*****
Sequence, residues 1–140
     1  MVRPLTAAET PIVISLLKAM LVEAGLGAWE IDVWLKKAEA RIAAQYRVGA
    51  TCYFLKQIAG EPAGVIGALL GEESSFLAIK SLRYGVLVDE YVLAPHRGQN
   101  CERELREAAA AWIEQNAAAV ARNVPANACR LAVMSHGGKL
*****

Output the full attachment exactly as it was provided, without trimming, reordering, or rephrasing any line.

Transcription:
Sequence, residues 1–140
     1  MVRPLTAAET PIVISLLKAM LVEAGLGAWE IDVWLKKAEA RIAAQYRVGA
    51  TCYFLKQIAG EPAGVIGALL GEESSFLAIK SLRYGVLVDE YVLAPHRGQN
   101  CERELREAAA AWIEQNAAAV ARNVPANACR LAVMSHGGKL